Israel moved forces into a southern Gaza town on Tuesday, rejecting all truce efforts to end bloodshed in Gaza in an 11-day-old assault in which hundreds of Palestinians have been killed.
Air and naval bombardments killed 45 Palestinians on Monday, bringing to 548 the number of Palestinians killed since the offensive began on December 27.
While international truce efforts gathered speed after the New Year's holiday, an Israeli air strike killed three Palestinians in a U.N. school in the Gaza Strip where people had sought refuge from the fighting, medical officials said.
An "Israeli tank shell" killed three Israeli soldiers and wounded 24 other troops on Monday.
An Israeli officer was killed in a separate incident, apparently also "by Israeli fire", the army said.
Palestinian witnesses said Israeli forces pushed into Khan Younis in southern Gaza as the army widened the ground assault it launched four days ago after days of assults.
There was intense fighting overnight on the outskirts of the city of Gaza, where residents huddled indoors in fear. Deaths recorded by Palestinian medics reached 564.
Many of the Gaza Strip's 1.5 million people lack food, water or power.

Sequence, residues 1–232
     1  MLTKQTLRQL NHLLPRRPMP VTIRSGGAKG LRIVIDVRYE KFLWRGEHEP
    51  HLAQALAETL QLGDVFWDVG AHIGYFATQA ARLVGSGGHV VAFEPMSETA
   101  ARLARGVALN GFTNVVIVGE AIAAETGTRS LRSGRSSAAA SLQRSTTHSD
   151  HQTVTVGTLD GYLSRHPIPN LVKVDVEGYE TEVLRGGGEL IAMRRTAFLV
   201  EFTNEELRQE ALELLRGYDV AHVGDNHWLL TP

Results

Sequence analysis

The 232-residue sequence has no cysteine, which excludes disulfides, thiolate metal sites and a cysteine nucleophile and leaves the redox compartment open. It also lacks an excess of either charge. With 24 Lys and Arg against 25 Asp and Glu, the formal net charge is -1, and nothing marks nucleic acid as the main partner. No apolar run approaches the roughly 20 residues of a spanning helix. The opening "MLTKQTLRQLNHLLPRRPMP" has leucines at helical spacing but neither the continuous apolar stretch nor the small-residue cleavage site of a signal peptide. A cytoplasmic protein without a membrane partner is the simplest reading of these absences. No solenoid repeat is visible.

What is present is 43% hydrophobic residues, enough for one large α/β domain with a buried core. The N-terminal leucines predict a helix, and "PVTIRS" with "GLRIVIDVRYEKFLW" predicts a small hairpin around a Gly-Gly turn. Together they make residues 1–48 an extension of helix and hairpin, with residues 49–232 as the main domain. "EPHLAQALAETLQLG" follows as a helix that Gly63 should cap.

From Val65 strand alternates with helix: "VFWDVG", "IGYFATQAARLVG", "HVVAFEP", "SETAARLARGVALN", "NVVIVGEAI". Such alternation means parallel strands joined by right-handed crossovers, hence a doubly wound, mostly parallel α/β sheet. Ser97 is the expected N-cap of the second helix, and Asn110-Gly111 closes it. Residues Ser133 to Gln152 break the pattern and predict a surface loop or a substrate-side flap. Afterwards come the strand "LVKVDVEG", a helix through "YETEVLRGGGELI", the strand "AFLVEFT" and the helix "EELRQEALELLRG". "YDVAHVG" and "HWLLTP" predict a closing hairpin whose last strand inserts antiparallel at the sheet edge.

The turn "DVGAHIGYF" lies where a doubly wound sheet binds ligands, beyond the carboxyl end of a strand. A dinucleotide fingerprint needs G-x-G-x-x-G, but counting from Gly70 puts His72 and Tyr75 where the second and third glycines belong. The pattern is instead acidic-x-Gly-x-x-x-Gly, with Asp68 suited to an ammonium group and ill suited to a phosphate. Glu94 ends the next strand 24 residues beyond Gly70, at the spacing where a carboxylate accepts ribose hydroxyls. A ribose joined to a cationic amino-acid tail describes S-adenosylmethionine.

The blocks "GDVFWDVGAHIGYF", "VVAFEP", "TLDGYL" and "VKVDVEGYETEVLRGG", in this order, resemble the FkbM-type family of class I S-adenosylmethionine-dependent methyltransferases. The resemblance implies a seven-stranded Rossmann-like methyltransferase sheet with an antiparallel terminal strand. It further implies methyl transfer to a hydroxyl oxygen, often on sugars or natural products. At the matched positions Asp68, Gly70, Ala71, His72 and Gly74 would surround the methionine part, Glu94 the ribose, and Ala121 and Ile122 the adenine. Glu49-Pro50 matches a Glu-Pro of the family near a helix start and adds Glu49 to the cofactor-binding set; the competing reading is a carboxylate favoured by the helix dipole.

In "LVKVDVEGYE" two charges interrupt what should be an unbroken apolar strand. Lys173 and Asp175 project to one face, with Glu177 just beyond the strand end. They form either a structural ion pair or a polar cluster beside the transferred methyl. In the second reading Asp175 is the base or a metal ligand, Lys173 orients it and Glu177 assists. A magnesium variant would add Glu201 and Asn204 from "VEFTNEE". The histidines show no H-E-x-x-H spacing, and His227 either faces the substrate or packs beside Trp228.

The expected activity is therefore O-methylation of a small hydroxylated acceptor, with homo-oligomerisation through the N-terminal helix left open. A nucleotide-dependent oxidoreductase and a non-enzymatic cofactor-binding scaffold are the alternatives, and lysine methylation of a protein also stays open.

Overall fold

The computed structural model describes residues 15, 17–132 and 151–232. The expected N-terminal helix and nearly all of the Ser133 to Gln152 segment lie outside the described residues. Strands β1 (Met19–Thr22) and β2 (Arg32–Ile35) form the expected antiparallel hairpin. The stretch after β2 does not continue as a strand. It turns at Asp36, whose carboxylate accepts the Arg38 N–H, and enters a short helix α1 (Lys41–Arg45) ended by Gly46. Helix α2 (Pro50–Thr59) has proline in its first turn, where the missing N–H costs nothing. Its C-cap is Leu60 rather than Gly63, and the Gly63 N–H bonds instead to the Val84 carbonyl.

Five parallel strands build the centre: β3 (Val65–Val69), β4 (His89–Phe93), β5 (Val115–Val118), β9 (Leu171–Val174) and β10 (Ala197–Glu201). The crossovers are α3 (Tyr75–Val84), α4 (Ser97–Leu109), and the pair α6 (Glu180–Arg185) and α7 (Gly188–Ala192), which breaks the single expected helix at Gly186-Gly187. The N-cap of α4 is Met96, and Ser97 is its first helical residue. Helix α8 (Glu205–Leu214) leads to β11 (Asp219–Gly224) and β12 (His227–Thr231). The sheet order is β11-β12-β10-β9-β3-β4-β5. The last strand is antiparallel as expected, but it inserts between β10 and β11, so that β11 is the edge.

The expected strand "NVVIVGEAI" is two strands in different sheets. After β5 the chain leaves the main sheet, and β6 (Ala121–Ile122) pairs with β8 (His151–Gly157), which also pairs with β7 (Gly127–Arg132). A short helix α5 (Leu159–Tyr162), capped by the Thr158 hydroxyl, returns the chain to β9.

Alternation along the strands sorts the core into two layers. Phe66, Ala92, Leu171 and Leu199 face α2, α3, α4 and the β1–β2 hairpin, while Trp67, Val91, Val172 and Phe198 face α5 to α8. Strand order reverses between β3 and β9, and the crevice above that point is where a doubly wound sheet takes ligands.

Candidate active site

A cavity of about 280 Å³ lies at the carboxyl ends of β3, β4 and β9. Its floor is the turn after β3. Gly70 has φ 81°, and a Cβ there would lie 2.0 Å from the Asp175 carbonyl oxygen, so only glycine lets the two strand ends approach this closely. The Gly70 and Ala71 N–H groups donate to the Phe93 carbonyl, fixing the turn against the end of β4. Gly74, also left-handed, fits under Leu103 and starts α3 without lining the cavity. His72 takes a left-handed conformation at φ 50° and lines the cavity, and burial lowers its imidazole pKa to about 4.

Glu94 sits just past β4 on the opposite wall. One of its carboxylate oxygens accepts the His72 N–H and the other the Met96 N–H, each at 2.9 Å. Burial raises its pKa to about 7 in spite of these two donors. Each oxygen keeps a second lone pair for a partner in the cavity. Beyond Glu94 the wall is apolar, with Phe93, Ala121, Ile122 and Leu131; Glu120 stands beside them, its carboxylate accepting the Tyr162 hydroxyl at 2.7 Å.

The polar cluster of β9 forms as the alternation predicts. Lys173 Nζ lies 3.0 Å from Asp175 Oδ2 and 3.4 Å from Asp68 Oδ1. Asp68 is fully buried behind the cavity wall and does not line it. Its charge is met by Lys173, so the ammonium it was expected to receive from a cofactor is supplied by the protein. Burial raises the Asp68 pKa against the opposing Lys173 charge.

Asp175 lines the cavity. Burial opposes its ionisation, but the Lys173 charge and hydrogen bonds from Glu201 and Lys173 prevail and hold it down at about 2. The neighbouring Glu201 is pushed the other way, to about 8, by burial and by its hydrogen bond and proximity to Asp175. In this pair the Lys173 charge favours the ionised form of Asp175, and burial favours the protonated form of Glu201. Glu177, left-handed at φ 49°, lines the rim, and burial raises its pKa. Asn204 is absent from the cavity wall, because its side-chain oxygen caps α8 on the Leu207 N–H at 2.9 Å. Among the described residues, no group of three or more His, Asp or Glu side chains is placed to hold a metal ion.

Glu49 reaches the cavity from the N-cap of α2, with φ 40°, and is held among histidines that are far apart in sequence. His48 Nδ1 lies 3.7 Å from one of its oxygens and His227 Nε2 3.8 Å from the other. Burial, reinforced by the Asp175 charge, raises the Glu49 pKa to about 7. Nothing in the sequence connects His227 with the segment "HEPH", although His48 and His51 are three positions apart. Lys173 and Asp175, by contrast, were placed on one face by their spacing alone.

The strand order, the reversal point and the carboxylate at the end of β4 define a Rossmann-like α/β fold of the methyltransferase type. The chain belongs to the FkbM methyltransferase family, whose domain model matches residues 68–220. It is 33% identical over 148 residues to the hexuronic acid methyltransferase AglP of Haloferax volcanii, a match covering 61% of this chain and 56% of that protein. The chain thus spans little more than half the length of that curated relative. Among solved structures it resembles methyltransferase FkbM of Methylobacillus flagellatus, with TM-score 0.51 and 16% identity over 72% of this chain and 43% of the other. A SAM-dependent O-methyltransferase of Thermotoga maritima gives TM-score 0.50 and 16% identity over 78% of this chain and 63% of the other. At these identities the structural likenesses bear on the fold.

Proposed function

Palestinian medics, reporting on casualties before the deaths at the U.N. school, said 20 Palestinian civilians were killed on Tuesday, including 10 people who were hit by naval shells along the beach in the central Gaza Strip.
French President Nicolas Sarkozy began a peace-brokering tour of the Middle East by calling on Monday for a ceasefire between Israel and Hamas.
Sarkozy urged Israel to halt its violence in Gaza, but Israeli Prime Minister Ehud Olmert, rejected any truce calls.
Sarkozy said after meeting Abbas: "We, Europe want a ceasefire as soon as possible. Time is working against peace. The weapons must be silenced and there must be a temporary humanitarian truce."
Hamas has demanded a lifting of Israel's siege of Gaza in any future ceasefire.
Abbas called "for an immediate and unconditional end to the Israeli aggression against my people in the Gaza Strip."
"Israel must take a risk for peace," Sarkozy said at a meeting with Israeli President Shimon Peres on Monday evening, after which he met Prime Minister Ehud Olmert.
"Israel cannot leave the humanitarian situation as it is today," Sarkozy told a news conference in Ramallah.
"We in Europe want a ceasefire as quickly as possible, and everyone understands that time is running against peace," Sarkozy said.
Israel has rejected any ceasefire cals despite international efforts.
Sarkozy said Egypt was prepared to put all subjects on the table in order to build confidence on all sides.
Last Mod: 06 Ocak 2009, 12:31